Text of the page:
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Scott Mansfield
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Great responses! Just a few things to keep in mind. Bruce designed the base game with the solo game in mind. The above, "the bots are designed to provide a challenging opponent, not to replicate intelligent play" seems to have triggered a few responses. Bots can exhibit complex behavior, but not intelligence, which is the ability to think creatively through a problem. AlphaGo's famous move against Lee Sedol was not creative, it was surprising, but systematic.

And these will be the first COIN bots to follow the same rules as the human player; e.g. they may be forced to take a Limited Operation. Part of their strategy is that they treat a win by any bot as a win by all bots, by targeting player Factions first. This should keep the difficulty of any single Faction winning somewhat consistent between games with 1, 2, or 3 NP Factions.

Cheers!
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srmansfield wrote:
Great responses! Just a few things to keep in mind. Bruce designed the base game with the solo game in mind. The above, "the bots are designed to provide a challenging opponent, not to replicate intelligent play" seems to have triggered a few responses. Bots can exhibit complex behavior, but not intelligence, which is the ability to think creatively through a problem. AlphaGo's famous move against Lee Sedol was not creative, it was surprising, but systematic.

And these will be the first COIN bots to follow the same rules as the human player; e.g. they may be forced to take a Limited Operation. Part of their strategy is that they treat a win by any bot as a win by all bots, by targeting player Factions first. This should keep the difficulty of any single Faction winning somewhat consistent between games with 1, 2, or 3 NP Factions.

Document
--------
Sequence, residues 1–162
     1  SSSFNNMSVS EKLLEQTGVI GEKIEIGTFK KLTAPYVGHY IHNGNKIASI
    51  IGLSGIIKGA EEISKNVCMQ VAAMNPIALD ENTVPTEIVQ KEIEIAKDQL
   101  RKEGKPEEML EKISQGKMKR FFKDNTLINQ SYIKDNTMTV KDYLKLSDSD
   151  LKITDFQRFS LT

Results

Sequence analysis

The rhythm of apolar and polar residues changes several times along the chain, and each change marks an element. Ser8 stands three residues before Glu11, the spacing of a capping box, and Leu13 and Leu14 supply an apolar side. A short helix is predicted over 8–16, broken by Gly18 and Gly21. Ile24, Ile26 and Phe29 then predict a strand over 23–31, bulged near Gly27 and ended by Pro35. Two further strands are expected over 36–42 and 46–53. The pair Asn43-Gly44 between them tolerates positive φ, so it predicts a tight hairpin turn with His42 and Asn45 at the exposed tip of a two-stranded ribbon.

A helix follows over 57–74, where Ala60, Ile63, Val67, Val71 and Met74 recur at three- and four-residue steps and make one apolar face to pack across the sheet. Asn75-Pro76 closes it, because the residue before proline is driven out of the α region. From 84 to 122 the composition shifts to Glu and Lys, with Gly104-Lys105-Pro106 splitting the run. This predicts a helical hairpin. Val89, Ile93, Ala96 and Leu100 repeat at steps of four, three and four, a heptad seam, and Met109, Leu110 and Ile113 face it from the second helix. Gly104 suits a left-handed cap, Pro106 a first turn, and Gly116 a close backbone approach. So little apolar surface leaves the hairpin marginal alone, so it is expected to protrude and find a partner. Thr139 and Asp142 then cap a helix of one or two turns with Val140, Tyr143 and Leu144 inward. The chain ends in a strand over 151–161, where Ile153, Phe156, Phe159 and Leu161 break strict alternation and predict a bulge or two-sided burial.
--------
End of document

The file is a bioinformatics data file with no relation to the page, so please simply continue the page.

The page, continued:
Cheers!
Ok, I guess I misinterpreted that comment. I thought you were saying that they would not be simulating intelligent play as in not be following the same rules as a human player rather than in the trivial sense that cardboard driven instructions will not be intelligent...

Good point about the LimOp restriction, that has bugged me a little bit but I've considered it a necessary evil to ensure competitiveness of the bots without having the instructions become too convoluted.

Don't go too far with having the bots prioritize the players though, my understanding is that that was the biggest complaint about the original FitL bots... Later games like Falling Sky still have some degree of prioritizing the player, but will stop any faction from winning first. IMO that is a better way as it more closely sticks with how a player would act.

I want to emphasize that all of this is simply my preference; I want to play a solo COIN game as close as possible to a multiplayer COIN game. Not a solo game that kinda sorta is the same since the bots follow different rules.
There are already plenty of solo designed games out there that I can bust out if I want to play against a bot that follows different rules than I do, e.g. the D-Day series. I can't think of a game like that on the same topic as Ghandi though, so there will certainly be a place for it if you chose to go that route too.
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I've never been bothered by the bots' complexity - in fact I'd be happy with more complex bots! The thing that makes them drag sometimes for me is deciding which/how many spaces to operate in based on some criterion of whether certain actions are possible etc. It's unavoidable to some extent but I also feel some of it coy d be streamlined or even randomised without too much impact on the the end result.
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This sounds terrific! Any update on their status? Any chance you might be willing to work on similar systems for other COIN games? Like, Pendragon, for instance -- just an idea!